Elections in Russia usually somehow signal a political crisis: Boris Yeltsin's re-election as President in 1996, for example, seemed to hold off a communist resurrection--not by revolution but through the ballot box. Elections to the State Duma (the lower house of Russia's parliament) are normally quieter affairs, and the just completed campaign and Duma elections ( NOTE TO EDITORS, the vote is December 7 th ) were certainly silent--deadly silent.
Indeed, so omnipotent is President Vladimir Putin in Russia nowadays that the Duma election would have been scarcely noticed--by the world and Russia alike--were it not for the arrest and imprisonment this autumn of Mikhail Khodorkovsky, the oil industry oligarch who dared to put his money behind two liberal parties opposed to Putin. Khodorkovsky's arrest did not galvanize ordinary Russians, who increasingly see elections as beside the point in their difficult lives. His arrest did, however, shake international confidence in Putin, as well as arouse Russia's other oligarchs and democratic reformers to seriously fear for their freedoms.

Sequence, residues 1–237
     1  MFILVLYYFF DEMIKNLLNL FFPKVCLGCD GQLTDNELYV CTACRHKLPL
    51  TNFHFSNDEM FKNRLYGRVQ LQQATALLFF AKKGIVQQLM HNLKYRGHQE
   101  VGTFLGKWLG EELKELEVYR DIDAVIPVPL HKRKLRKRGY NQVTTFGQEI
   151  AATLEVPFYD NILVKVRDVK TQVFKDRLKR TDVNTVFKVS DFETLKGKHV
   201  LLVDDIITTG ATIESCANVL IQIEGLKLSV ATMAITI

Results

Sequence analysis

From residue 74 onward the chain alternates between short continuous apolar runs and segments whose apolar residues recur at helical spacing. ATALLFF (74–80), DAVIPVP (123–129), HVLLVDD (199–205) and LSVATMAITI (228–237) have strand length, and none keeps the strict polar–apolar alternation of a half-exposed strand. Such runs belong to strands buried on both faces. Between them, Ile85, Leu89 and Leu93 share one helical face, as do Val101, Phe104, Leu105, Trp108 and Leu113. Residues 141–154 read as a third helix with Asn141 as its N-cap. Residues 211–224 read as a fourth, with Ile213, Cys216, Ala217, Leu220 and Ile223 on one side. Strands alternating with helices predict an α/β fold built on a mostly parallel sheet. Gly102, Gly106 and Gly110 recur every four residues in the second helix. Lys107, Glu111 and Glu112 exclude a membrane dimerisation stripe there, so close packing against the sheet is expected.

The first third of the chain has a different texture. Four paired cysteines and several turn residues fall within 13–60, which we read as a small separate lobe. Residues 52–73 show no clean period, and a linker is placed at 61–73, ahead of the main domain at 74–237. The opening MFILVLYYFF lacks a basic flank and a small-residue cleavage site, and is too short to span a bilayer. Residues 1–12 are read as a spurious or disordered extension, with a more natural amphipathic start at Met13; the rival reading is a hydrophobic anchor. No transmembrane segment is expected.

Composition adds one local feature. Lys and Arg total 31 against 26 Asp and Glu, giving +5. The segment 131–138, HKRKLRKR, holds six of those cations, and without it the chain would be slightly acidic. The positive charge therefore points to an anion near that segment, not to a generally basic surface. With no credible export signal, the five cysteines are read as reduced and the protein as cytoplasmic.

The greater the power, the more dangerous the abuse, said Edmund Burke in 1771. Putin exercises a power greater than that allowed any other democratically elected leader, and the manner in which he exercises it is now causing serious concern. Lord Acton's phrase about the corrupting effect of power does not yet apply; Burke's warning does.
The presidency that Boris Yeltsin created for himself a decade ago--fattened when Yeltsin's tanks shelled an unruly Duma in 1993--gives Putin astonishing freedom from accountability. Unlike America's or Mexico's president, he need not cajole a congress entrenched behind the ramparts of constitutionally separate powers.